Fishermen training programs represent a promising strategy for mitigating graying of the fleet because they provide critical infrastructure to encourage new entrants into the commercial fishing sector. Although different programs are unique from one another, they generally offer hands-on experience within the industry as well as safety training. Many programs are also able to connect entrants with experienced captains and crew members, who then serve as mentors for the entrants. If a given program has ample funding, it may provide stipends to the mentors in order to alleviate some of the pressure (i.e., time, energy) involved with mentorship. As an added benefit, fishermen training programs tend to reassure experienced fishermen’s trust in entrants because those who participate in these programs are better prepared for the industry.
Given the prevalence of graying of the fleet along all U.S. coastlines, we decided to collect information about existing commercial fishermen training programs around the country and compile the information into a guidebook. Seeing as recreational fishing, aquaculture, and stewardship activities are becoming increasingly popular, we included those types of training programs in the guidebook as well. Each guidebook entry contains the core features of a given program (name, location, organizer’s name and contact information), the year the program began, the duration, the cost, participation requirements, and other helpful details. We identified a total of 27 programs across the nation, most of which are located along the Atlantic and Gulf coasts. The number of commercial versus recreational programs is approximately the same, and some programs actually cater to both sectors. Surprisingly, although program activity spans from 1981 – present, more than half of the 27 programs were created during the past 5 years. This indicates that all major coastlines are making progress in implementing fishermen training programs to educate and recruit young entrants.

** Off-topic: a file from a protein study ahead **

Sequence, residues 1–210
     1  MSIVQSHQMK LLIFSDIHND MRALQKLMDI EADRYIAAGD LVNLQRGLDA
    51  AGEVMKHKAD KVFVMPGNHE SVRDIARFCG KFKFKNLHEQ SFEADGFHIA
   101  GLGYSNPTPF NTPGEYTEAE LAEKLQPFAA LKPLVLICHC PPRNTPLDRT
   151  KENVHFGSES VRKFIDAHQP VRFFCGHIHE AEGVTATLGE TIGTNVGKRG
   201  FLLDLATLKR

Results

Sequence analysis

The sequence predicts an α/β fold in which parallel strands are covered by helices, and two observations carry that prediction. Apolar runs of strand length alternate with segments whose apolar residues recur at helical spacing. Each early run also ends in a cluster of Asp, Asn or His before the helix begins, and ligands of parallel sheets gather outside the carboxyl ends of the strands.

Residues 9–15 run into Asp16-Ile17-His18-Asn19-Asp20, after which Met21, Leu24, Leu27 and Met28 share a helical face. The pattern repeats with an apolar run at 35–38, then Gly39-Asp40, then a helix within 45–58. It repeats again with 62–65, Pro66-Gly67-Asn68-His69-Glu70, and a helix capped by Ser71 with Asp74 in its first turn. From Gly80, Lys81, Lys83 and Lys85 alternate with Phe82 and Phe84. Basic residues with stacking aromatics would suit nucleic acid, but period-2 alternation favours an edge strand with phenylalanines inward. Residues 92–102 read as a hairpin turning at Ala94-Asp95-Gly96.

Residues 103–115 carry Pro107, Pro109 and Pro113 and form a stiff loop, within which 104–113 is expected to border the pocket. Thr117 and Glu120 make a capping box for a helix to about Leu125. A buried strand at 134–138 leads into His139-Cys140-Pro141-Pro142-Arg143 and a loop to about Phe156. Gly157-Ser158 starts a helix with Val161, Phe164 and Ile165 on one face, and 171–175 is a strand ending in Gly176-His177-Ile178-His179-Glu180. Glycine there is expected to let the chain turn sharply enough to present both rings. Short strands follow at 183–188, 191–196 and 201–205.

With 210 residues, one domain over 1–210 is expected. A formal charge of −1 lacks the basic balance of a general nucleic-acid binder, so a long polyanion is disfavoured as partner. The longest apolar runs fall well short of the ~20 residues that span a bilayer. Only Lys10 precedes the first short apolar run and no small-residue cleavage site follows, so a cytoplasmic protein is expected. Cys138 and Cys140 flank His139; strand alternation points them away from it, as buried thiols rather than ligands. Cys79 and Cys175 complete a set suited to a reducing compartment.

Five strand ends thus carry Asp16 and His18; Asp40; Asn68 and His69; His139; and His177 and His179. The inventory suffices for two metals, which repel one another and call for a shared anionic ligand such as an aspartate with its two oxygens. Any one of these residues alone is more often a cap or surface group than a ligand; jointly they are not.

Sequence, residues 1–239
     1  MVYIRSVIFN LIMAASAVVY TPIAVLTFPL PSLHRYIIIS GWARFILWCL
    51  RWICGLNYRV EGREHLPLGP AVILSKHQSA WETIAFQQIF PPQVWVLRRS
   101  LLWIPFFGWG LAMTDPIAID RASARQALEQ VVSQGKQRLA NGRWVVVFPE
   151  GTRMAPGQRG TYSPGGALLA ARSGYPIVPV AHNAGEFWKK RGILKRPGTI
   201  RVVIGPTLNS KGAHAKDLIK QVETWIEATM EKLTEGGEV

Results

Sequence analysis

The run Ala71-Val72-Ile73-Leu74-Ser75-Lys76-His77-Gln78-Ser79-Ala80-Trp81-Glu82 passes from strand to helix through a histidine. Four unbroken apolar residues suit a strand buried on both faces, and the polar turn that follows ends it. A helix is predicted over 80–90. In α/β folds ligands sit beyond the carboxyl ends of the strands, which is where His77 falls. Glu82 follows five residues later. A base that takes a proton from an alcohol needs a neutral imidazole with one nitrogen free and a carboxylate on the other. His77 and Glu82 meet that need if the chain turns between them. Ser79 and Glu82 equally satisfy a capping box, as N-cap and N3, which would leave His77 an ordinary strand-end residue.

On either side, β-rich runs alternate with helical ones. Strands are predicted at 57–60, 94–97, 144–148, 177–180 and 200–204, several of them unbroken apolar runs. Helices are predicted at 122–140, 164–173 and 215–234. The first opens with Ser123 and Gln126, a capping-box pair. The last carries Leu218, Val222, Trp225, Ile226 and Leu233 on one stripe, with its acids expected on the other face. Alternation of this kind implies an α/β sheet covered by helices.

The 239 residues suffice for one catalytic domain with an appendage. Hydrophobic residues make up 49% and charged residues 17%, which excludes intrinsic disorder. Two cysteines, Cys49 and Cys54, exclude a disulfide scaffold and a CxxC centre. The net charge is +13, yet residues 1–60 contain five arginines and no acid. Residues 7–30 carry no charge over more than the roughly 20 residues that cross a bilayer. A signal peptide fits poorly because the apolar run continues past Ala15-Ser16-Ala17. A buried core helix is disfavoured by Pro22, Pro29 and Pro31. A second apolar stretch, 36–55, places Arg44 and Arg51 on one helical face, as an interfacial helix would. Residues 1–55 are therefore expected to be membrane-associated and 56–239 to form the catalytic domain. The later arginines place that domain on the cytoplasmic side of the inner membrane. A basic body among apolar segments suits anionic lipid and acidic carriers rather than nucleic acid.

We thank our 2020 Mississippi State University Extension Apprentice, Kindall Calhoun from the University of South Alabama, for her hard work on this project. We hope our guidebook will serve as a useful resource for folks who are interested in starting a training program, improving upon an existing program, or simply learning more about fishermen training programs. If you’re interested in viewing a PDF of the guidebook, please click here!
I'm Marcus Drymon, an Assistant Extension Professor at Mississippi State University and a Marine Fisheries Specialist at Mississippi-Alabama Sea Grant. Amanda Jefferson, Matthew Jargowsky, and I are the Marine Fisheries Ecology Lab. We'd love to hear from you! Please reach out to us at firstname.lastname@example.org